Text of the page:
John Ericsson

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John Ericsson
BirthplaceLångbanshyttan, Värmland
Engineer, innovator

Ericsson, John

Ericsson, John (ĕrˈĭksən), 1803–89, Swedish-American inventor and marine engineer, b. Värmlands co., Sweden. He moved to London in 1826, and entered the railroad locomotive Novelty in a contest in 1829, only to be defeated by George Stephenson's Rocket. Ericsson's outstanding role in the development of the screw propeller (he patented one in 1836) for ships was responsible for his coming to America in 1839 to build for the U.S. navy. The U.S.S. Princeton, completed by him in 1844, was the first warship with a screw propeller. Unfortunately, one of the ship's guns, which he did not build, exploded and killed several dignitaries, and he was blamed unjustly for the disaster.

Ericsson is chiefly remembered as the designer and builder of the Monitor, a radical departure from previous types; and its fortuitous conflict with the Virginia during the Civil War, less than five months after its keel was laid, caught the imagination of the people and made Ericsson a hero (see Monitor and Merrimack. With his associates he was busy the remainder of the war designing and building other ironclad vessels, and after the war he built monitors for other governments until the type was abandoned. He also constructed gunboats for Spain, and worked on a “destroyer” with successful devices for releasing torpedoes underwater, but he could not interest the U.S. government in it.

Ericsson made many other contributions to engineering, notably in ordnance, in marine engines, and in caloric or heat engines. In his late years he did experimental work in solar physics.


See biography by R. White (1960).

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Ericsson, John

(1803–89) engineer, inventor; born in Varmland County, Sweden. He served as a topographer and a captain in the Swedish army. He moved to London and worked as an independent engineer (1826–39), developing the idea of placing a ships' engine below the waterline; his Novelty was the world's first propeller-driven commercial ship. He came to New York in 1839 with a commission to build a ship for the U.S. Navy. His propulsion system was used by commercial steamers and by the USS Princeton (1844), the world's first screw-propelled war vessel. He became a U.S. citizen in 1848. The advent of the Civil War brought a demand for his talents; he designed and built the USS Monitor in a 100-day period (1861–62). Following the battle between the Monitor and the CSS Virginia (formerly the Merrimac) he continued to design and build ironclads. He launched a ship capable of firing underwater torpedoes (1878) and continued his experiments to find better methods of utilizing heat energy, even looking into solar energy. He died in New York and his remains were returned to Sweden (1890) at the request of the Swedish government.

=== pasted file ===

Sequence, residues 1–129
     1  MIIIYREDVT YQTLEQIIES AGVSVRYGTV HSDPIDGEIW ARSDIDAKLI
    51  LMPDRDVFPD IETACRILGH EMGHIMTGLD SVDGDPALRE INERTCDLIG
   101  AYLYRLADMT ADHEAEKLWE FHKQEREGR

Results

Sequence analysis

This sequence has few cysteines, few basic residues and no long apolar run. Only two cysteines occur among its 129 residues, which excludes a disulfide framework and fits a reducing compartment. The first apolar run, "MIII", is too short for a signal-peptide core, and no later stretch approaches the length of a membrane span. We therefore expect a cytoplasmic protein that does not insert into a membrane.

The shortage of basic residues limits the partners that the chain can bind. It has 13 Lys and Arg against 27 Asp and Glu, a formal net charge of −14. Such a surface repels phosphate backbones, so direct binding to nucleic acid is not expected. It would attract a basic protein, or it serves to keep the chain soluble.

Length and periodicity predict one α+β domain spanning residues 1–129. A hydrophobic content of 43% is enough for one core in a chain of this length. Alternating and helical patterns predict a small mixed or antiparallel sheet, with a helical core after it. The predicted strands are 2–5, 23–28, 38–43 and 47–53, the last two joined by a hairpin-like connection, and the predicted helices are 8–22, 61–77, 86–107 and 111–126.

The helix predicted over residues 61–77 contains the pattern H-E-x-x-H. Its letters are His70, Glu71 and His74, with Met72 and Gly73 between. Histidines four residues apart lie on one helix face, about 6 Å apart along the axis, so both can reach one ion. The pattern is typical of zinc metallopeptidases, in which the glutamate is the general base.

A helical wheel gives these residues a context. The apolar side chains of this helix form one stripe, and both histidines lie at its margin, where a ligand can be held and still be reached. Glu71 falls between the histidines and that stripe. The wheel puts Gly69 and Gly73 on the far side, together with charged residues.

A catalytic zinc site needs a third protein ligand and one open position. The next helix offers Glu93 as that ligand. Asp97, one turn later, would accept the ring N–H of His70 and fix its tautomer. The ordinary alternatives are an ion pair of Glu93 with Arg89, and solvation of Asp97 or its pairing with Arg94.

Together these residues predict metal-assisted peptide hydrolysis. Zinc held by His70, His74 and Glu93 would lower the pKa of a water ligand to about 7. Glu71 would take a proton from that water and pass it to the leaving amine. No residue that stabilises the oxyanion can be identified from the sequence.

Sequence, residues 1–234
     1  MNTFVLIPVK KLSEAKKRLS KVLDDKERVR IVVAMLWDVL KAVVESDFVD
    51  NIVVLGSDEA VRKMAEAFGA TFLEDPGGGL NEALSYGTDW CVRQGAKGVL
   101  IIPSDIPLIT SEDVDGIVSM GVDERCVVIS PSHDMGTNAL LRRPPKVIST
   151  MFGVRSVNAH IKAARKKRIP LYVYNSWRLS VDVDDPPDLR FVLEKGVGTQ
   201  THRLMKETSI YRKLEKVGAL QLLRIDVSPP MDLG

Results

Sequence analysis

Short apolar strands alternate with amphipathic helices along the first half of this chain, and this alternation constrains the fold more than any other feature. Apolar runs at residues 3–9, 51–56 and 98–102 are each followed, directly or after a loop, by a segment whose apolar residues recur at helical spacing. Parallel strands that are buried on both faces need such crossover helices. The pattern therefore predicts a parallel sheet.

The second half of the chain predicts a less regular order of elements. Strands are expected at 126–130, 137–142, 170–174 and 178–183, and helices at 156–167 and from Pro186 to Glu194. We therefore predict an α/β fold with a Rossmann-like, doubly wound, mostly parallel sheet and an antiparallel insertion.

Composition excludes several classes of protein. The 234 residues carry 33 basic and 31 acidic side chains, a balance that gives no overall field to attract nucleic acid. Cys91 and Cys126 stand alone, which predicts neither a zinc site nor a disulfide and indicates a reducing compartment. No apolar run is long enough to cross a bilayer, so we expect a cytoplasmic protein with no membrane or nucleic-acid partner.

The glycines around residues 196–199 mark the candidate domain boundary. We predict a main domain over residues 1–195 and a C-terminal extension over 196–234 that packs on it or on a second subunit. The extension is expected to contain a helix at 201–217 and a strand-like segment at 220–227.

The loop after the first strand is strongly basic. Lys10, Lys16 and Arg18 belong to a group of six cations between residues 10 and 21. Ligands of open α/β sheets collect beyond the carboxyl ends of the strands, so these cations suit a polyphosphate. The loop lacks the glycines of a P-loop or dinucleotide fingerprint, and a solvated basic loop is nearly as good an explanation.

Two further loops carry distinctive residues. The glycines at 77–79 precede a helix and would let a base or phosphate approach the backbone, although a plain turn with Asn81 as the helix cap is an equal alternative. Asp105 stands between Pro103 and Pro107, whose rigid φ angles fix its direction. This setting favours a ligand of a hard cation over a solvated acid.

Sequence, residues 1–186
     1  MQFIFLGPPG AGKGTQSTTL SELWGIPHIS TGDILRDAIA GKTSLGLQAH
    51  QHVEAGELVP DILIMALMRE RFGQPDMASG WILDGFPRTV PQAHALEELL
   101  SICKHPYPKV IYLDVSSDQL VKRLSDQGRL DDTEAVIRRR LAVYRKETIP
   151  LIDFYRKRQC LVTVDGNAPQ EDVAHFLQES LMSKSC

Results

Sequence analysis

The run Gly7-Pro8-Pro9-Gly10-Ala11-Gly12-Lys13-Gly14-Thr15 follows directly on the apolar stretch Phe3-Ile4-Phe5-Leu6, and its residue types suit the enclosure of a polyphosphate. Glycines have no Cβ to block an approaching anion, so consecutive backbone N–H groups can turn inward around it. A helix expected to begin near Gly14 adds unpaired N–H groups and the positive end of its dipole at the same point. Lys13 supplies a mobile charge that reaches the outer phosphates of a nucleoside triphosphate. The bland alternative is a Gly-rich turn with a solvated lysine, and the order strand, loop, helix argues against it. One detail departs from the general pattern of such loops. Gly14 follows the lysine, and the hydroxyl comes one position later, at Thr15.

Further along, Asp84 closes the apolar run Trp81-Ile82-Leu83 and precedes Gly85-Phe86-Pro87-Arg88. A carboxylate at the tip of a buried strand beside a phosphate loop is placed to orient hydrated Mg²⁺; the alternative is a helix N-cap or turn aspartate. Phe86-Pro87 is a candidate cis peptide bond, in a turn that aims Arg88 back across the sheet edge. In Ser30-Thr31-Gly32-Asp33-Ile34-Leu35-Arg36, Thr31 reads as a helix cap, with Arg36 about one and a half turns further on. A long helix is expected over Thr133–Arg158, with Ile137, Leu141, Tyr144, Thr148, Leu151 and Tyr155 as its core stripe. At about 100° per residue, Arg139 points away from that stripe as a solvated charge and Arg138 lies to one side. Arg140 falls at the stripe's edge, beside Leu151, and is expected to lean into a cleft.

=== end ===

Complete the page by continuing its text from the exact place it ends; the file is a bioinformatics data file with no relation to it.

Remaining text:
The Cambridge Dictionary of American Biography, by John S. Bowman. Copyright © Cambridge University Press 1995. Reproduced with permission.
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The new memorial is distinctive in other ways: It is only the fourth to an individual who did not serve as president (the others are for George Mason, John Ericsson and John Paul Jones) and, more importantly, the first honoring an African-American to be located on or near the National Mall.
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He emphasizes their life stories over their achievements, and arranges profiles chronologically, which feature engineers from Western and Eastern Europe and the US, and include Pierre-Paul Riquet, Thomas Telford, John Rennie, Richard Trevithick, George Stephenson, Charles Babbage, John Ericsson, Gustave Eiffel, Thomas Edison, Alexander Graham Bell, Hertha Ayrton, Nikola Tesla, Heinrich Hertz, Wilbur and Orville Wright, Wernher von Braun, and Edith Clarke.
While building this computer model and using all my technical education and modern computer tools, I came to realize that regardless of my training and tools, John Ericsson and the craftsmen who built and designed these components were much smarter than me.